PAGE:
ONTAP 9.14

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Manage how file security is presented to SMB clients for UNIX security-style data overview

You can choose how you want to present file security to SMB clients for UNIX security-style data by enabling or disabling the presentation of NTFS ACLs to SMB clients. There are advantages with each setting, which you should understand to choose the setting best suited for your business requirements.

By default, ONTAP presents UNIX permissions on UNIX security-style volumes to SMB clients as NTFS ACLs. There are scenarios where this is desirable, including the following:

  • You want to view and edit UNIX permissions by using the Security tab in the Windows Properties box.

    You cannot modify permissions from a Windows client if the operation is not permitted by the UNIX system. For example, you cannot change the ownership of a file you do not own, because the UNIX system does not permit this operation. This restriction prevents SMB clients from bypassing UNIX permissions set on the files and folders.

  • Users are editing and saving files on the UNIX security-style volume by using certain Windows applications, for example Microsoft Office, where ONTAP must preserve UNIX permissions during save operations.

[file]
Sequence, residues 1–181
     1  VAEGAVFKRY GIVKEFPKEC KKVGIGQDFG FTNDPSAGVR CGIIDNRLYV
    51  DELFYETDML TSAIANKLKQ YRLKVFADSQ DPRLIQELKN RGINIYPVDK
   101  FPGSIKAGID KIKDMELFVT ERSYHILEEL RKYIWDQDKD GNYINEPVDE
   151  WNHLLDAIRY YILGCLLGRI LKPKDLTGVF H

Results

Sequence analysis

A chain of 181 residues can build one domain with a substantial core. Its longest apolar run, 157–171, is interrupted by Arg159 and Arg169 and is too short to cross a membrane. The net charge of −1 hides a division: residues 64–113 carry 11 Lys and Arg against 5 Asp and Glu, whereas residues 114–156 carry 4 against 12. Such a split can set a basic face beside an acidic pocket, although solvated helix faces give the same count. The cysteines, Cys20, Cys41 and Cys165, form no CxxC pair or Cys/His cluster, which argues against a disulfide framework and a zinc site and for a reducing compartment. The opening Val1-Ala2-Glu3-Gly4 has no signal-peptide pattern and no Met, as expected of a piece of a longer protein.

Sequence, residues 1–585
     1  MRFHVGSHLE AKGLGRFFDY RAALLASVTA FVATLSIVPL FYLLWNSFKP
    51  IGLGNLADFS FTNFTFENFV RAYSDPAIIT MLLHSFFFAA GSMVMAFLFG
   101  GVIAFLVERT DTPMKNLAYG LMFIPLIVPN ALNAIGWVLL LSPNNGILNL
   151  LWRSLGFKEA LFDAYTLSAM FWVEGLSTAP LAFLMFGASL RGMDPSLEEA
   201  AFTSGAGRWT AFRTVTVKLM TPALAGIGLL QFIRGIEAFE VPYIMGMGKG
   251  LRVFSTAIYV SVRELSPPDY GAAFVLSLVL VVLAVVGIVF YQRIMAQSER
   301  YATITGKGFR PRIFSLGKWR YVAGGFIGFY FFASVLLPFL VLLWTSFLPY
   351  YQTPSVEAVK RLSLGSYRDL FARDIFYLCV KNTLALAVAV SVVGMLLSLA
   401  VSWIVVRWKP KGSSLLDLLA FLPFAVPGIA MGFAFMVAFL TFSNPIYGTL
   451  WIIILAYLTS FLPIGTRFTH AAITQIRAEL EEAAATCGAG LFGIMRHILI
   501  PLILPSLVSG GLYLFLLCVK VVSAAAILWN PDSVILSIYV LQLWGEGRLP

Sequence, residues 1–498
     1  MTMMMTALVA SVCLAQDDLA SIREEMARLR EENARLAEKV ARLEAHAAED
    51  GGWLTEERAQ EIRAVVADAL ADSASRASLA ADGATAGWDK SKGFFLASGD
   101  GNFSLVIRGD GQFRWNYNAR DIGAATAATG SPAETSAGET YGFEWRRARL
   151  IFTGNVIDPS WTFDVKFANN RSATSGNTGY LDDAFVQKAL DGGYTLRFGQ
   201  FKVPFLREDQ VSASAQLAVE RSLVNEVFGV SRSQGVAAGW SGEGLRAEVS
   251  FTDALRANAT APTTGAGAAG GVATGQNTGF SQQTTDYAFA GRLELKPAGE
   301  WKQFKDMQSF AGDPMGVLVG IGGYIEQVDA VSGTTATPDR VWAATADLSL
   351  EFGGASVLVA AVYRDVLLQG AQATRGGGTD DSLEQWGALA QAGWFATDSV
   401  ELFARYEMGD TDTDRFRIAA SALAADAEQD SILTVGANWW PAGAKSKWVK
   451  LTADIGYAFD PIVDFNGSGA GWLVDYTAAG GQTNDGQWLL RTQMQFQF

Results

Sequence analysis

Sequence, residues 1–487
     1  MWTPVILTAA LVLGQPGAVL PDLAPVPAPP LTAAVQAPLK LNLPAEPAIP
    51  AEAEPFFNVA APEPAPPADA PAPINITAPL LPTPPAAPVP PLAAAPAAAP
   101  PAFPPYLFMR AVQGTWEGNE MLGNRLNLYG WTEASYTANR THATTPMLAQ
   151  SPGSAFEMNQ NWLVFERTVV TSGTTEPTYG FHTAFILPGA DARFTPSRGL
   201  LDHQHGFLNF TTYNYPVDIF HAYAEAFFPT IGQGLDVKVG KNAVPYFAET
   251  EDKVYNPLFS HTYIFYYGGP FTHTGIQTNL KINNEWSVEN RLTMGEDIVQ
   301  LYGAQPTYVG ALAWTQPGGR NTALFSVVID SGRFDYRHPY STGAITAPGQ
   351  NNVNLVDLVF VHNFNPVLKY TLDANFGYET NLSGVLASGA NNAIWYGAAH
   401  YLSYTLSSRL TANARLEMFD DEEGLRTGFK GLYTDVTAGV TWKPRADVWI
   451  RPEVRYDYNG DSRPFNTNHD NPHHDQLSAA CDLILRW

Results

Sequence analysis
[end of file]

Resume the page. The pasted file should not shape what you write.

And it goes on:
• There are certain Windows applications in your environment that expect to read NTFS ACLs on files they use.

Under certain circumstances, you might want to disable the presentation of UNIX permissions as NTFS ACLs. If this functionality is disabled, ONTAP presents UNIX security-style volumes as FAT volumes to SMB clients. There are specific reasons why you might want to present UNIX security-style volumes as FAT volumes to SMB clients:

  • You only change UNIX permissions by using mounts on UNIX clients.

    The Security tab is not available when a UNIX security-style volume is mapped on an SMB client. The mapped drive appears to be formatted with the FAT file system, which has no file permissions.

  • You are using applications over SMB that set NTFS ACLs on accessed files and folders, which can fail if the data resides on UNIX security-style volumes.

    If ONTAP reports the volume as FAT, the application does not try to change an ACL.

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